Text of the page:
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The ‘unfair advantages’ in commercial auto


April 13, 2021   by Greg Meckbach


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New commercial auto clients may suffer an unfair disadvantage if they operate small truck fleets, an Ontario broker suggests.

In Ontario, individual truck drivers who decide to start their own trucking firm may have no option but to have their fleet insured through the Facility Association, said Scott Cober, BFL Canada’s Hamilton, Ont.-based national practice leader for transportation, in a recent interview.

“If you have a driver who has been driving more than 20 years and wants to have one to five trucks on the road, they go straight to Facility,” said Cober.

This means the driver-owner-client could pay four to six times the commercial auto insurance premium that they should pay, Cober observed.

Cober was referring the residual market, which is an insurer of last resort for motorists who can legally drive but are considered high risk by insurers. In essence, the insurance for drivers in the Facility Association is covered collectively by insurers who must belong to the association.

To insure clients in the residual market, the Facility Association contracts with a few auto insurers to act as servicing carriers, which issue and endorse policies, receive premiums and adjust claims on behalf of the Facility Association. Then those servicing carriers are reimbursed from the residual market pool for losses paid. The servicing carriers also get an allowance for adjusting claims and a fee for policy handling.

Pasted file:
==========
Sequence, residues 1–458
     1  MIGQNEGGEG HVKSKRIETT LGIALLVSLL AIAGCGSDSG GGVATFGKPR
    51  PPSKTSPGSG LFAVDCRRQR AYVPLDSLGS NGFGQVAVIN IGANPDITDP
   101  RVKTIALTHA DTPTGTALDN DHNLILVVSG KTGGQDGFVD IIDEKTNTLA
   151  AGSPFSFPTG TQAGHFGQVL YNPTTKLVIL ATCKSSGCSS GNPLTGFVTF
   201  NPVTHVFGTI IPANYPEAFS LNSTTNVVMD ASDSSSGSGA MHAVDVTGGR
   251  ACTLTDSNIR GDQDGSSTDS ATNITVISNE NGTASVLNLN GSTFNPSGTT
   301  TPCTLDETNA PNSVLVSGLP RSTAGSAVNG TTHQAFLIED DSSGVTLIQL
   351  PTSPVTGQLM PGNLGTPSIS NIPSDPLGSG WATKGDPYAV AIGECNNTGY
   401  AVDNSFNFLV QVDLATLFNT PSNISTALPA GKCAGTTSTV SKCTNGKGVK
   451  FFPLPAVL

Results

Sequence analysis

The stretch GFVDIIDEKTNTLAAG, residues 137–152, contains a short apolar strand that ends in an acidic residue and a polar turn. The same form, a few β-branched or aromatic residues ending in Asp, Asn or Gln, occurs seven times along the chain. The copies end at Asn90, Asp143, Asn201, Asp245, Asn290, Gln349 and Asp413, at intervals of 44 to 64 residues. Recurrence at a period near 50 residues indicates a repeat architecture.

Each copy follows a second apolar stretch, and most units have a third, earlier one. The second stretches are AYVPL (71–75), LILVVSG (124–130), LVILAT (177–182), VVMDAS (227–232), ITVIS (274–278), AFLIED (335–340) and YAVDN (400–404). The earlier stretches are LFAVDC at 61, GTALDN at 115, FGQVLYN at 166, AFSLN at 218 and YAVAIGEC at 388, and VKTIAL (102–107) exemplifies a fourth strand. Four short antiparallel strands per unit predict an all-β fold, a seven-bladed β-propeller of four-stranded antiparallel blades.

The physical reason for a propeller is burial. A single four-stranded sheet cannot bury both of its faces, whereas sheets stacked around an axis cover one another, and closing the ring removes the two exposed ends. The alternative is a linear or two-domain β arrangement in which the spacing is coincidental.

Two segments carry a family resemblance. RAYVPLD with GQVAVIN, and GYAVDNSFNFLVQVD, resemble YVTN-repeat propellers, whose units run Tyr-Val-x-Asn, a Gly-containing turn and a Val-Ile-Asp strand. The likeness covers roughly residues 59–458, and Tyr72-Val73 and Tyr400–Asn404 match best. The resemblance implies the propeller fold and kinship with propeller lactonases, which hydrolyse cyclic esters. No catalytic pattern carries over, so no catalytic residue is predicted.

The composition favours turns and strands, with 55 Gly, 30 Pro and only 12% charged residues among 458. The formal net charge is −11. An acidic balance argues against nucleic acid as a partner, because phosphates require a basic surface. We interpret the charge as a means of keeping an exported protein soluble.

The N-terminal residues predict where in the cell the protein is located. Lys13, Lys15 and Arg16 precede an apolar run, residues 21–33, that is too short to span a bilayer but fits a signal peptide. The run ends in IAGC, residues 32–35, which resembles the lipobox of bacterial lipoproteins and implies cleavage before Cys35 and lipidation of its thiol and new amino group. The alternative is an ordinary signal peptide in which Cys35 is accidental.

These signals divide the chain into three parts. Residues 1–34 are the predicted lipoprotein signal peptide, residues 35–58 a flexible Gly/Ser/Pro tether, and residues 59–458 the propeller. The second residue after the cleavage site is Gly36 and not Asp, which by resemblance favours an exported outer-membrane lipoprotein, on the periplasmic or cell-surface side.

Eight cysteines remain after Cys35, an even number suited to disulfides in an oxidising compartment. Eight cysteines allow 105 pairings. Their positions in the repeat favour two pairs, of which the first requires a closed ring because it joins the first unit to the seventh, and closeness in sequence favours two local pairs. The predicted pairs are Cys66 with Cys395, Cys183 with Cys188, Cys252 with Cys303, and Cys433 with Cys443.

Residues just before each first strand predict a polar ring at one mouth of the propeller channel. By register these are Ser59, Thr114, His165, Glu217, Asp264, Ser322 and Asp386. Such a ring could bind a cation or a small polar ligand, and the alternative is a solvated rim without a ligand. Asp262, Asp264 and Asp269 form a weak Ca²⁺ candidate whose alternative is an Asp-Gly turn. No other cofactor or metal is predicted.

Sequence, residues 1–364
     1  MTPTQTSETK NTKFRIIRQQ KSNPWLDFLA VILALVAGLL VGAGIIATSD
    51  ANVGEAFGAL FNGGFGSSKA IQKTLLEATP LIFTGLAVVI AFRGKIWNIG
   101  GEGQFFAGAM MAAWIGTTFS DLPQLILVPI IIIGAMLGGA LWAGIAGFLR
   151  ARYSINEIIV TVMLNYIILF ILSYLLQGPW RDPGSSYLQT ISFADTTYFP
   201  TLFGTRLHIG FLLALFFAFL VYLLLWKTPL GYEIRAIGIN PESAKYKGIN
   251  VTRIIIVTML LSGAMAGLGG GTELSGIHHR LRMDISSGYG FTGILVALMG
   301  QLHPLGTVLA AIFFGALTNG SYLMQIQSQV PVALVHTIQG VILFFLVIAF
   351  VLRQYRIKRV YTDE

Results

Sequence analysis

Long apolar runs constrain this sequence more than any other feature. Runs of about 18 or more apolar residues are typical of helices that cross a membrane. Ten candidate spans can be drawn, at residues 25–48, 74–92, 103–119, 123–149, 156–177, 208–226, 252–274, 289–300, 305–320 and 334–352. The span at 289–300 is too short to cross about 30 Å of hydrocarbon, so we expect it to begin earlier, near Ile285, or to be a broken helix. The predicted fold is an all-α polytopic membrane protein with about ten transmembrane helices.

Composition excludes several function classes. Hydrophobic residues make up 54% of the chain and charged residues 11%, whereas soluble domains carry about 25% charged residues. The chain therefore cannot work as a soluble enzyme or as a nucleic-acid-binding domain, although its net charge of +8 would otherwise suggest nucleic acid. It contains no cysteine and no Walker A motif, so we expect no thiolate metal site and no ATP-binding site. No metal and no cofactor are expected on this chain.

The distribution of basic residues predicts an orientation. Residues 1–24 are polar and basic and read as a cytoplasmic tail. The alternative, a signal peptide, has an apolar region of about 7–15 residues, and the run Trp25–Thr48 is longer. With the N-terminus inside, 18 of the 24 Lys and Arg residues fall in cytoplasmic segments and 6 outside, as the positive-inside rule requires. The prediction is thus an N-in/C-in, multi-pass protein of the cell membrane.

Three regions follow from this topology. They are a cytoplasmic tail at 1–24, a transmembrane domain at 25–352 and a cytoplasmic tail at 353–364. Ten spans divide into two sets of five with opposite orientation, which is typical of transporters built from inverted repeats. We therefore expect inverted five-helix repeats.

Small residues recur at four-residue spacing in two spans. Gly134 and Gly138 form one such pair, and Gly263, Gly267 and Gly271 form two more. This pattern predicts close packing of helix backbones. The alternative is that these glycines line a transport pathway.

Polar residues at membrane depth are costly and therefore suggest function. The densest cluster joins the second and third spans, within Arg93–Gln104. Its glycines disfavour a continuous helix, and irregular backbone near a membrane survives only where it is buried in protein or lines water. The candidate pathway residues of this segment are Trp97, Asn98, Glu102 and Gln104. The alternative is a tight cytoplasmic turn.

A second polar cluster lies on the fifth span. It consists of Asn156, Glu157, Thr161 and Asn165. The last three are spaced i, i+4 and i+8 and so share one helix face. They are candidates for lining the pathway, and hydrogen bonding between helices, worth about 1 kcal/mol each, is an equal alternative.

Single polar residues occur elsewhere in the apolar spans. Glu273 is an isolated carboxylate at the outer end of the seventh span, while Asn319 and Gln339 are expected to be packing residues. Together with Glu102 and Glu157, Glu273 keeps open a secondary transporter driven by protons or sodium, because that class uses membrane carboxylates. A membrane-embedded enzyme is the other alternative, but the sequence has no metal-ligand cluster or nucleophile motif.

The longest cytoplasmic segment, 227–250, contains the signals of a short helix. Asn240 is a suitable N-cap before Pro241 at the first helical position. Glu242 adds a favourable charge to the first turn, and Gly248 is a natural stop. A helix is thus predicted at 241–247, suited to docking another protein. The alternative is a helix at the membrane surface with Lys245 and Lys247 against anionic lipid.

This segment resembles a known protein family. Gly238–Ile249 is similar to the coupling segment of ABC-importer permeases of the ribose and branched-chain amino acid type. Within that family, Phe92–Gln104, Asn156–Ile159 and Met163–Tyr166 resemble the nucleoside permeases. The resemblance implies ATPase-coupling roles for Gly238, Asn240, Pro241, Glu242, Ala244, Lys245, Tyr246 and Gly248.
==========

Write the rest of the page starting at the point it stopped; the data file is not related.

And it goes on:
The Facility Association was originally intended for private passenger auto but in recent years more commercial trucks have been placed there, Cober observed.

The context of the interview was the question of how a takeover of RSA Canada by Intact Financial Corp. could affect capacity for commercial fleet insurance. Cober noted that RSA is both the Facility Association carrier in Ontario and also offers some excess and umbrella coverage in fleet.

In Ontario, operators who have not had a commercial vehicle operator’s registration (CVOR) for at least three years tend to rely on the Facility Association for insurance, suggested Cober.

So a client who has 20 years of experience driving trucks may have little or no experience with a CVOR. In such a scenario, that’s because the driver was driving trucks with a CVOR in the driver’s employer’s company name, not with a CVOR in the driver’s own name.

So when a driver in that situation wants to start their own trucking company, they would go straight to Facility for insurance. “There are some unfair advantages there that need to be corrected,” said Cober.

The Facility Association covers risks in all provinces and territories except Quebec, British Columbia, Saskatchewan and Manitoba.

Some carriers covering commercial auto liability are concerned because their underwriters feel there is a lack of loss control measures and driver education, suggested Alex Rosas, executive vice president of AmWINS Specialty Logistics Underwriters.

“That is a very, very extremely tough business in which to play,” Rosas said of commercial auto liability. “It has been very difficult to find capacity for it.”

Some trucking companies use their own trucks, while some delegate a portion of their work to owner-operated, independent truckers, Rosas reported.

“We are seeing a lot of accidents. The legal environment is not necessarily ideal, so we are seeing a lot of (trucking) carriers (not insurance carriers) going out of business after a lawsuit.”

Feature image via iStock.com/FG Trade


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